Needle-weaving hems and needle-weaving bands have a long tradition in Schwalm whitework.
They are available in a wide variety of designs, with narrow or wide pattern segments and in a wide variety of heights. In my documentation Schwalm Needle-Weaving Bands I have already shown 193 (!) different patterns . There are always new variants to discover. Of course, with a little skill, you can also create your own patterns.
The combined needle-weaving patterns, as you can see here in pictures 5 and 6, are also very interesting for me.
I found a very interesting needle-weaving band pattern of this category on one of my handed down collection pieces.
The middle band consists of a two-piece block pattern with spiders, the top and bottom bands are formed by a mirrored A-pattern.
(Information on the individual categories and detailed descriptions of the working methods can be found in Lesson #4 – Needle-Weaving Band Sampler.)
This needle-waeving band appears to contain an error. Although each of the three bands put together is worked in an even rhythm, the pattern segments of the middle part and those of bottom respective top part are of different widths. This results in mismatches in the overall appearance of the pattern.
If you pick out the individual segments – the pattern part that is constantly repeated – you will see that the segments of the upper and lower part each consist of 18 bundles, but those of the middle part only consist of 12 bundles.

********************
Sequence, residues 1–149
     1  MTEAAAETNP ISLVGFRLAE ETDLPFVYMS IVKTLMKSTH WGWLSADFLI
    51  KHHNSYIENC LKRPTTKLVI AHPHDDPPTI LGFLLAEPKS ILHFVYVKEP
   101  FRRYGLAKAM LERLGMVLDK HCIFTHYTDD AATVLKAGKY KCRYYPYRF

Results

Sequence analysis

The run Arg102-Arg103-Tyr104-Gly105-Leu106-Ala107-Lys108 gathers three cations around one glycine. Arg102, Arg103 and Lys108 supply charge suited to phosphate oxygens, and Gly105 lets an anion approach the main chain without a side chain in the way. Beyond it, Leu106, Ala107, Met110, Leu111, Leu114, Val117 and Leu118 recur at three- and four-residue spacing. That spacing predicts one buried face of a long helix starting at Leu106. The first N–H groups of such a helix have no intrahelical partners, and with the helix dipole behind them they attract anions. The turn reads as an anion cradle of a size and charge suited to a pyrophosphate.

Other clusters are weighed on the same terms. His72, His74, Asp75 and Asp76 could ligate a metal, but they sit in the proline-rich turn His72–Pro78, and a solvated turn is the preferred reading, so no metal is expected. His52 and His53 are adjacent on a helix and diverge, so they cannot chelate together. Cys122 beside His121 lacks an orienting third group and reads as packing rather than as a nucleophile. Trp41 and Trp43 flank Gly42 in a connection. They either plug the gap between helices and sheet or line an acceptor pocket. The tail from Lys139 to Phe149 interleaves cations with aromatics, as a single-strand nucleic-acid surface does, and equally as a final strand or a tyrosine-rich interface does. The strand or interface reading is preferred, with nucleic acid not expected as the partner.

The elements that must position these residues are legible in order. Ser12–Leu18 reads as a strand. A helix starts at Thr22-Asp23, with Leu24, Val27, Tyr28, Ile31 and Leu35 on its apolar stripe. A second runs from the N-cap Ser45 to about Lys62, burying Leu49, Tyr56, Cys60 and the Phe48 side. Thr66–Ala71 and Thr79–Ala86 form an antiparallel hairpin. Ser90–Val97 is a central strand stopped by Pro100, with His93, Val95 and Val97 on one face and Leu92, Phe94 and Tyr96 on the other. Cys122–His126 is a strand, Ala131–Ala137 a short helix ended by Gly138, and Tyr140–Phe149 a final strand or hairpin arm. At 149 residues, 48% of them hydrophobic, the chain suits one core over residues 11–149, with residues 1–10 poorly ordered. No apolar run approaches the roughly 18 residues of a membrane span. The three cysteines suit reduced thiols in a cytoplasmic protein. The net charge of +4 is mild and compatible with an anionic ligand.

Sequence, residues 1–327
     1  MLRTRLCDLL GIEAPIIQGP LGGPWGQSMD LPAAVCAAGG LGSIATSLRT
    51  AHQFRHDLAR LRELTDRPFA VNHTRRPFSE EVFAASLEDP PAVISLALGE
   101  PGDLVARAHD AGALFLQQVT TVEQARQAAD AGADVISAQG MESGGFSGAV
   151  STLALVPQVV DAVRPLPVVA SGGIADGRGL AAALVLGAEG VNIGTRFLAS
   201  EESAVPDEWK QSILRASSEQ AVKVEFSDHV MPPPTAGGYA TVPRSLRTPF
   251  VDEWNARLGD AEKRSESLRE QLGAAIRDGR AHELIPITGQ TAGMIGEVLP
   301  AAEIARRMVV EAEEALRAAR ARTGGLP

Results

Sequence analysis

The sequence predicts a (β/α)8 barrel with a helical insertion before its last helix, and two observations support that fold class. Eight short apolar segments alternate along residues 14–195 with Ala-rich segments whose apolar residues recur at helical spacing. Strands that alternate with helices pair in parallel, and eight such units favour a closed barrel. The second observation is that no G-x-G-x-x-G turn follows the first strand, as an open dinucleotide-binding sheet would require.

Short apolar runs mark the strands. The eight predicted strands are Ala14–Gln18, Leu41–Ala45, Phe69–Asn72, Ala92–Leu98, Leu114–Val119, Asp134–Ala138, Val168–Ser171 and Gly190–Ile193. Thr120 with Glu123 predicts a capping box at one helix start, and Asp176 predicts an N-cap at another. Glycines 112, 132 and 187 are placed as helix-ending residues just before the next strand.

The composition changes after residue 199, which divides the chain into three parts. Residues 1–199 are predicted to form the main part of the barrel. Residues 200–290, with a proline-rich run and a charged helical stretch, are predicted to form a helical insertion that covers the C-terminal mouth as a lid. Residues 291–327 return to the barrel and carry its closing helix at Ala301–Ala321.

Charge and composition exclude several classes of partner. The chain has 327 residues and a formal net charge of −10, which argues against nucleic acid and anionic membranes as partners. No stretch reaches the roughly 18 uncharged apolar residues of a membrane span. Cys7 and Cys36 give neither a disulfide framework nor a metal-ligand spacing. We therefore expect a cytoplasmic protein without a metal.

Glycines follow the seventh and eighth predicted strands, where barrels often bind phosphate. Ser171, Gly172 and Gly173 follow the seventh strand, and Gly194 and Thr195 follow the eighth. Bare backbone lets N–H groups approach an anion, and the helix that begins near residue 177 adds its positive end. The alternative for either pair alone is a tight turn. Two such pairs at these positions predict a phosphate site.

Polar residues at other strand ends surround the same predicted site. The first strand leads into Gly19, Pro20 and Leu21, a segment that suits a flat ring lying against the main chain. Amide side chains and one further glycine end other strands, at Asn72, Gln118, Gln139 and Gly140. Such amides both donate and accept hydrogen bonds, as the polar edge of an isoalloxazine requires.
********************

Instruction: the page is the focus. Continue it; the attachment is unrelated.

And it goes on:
Also, I noticed that the middle part was formed with extremely low units. Nowadays the height of a unit is usually set at 4 mm. Such fixed rules did not apply in the past. But I had never encountered such low units as in the middle part of the example shown here.
That encouraged me to try it out and combine it further. I was often surprised at how different the effect of the individual pattern combinations turned out. Eleven examples can be seen in my documentation Schwalm Needle-Weaving Bands. But there are many more.
I quickly embroidered a few samples. First I embroidered the pattern of the middle part with units reduced to 2 mm.
Then I placed an A-pattern, also reduced in unit height, but with only one row of holes between the triangles, next to it. I’m also considering whether to add a peahole or just a Four-Sided stitch to the finished needle-weaving band.
In another attempt, I stretched out the middle pattern a bit and worked a total of 14 bundles per pattern segment. Next to it I have placed a side part over the full unit height of 4 mm, but shortened to a pattern segment of 14 bundles and with two rows of holes; in such a way that the zigzag lines meet the spider parts.
By reducing the top pattern segment to 14 bundles, the base of the triangles extends over 8 bundles. I didn’t really like the combination with the below block of 12 bundles.
So I kept trying.
I will present one of the patterns that emerged in the blog post after next.
Didn’t you feel like playing with different possible combinations to find out new patterns?